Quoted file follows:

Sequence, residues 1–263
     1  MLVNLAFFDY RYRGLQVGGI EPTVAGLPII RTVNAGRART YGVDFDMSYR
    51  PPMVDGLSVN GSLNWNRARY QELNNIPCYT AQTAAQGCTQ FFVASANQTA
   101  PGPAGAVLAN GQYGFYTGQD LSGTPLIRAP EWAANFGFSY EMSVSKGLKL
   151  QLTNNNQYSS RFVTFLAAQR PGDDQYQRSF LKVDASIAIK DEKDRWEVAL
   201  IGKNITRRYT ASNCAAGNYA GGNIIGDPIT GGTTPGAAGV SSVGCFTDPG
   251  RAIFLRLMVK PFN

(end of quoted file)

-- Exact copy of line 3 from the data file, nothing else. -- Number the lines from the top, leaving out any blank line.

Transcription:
    51  PPMVDGLSVN GSLNWNRARY QELNNIPCYT AQTAAQGCTQ FFVASANQTA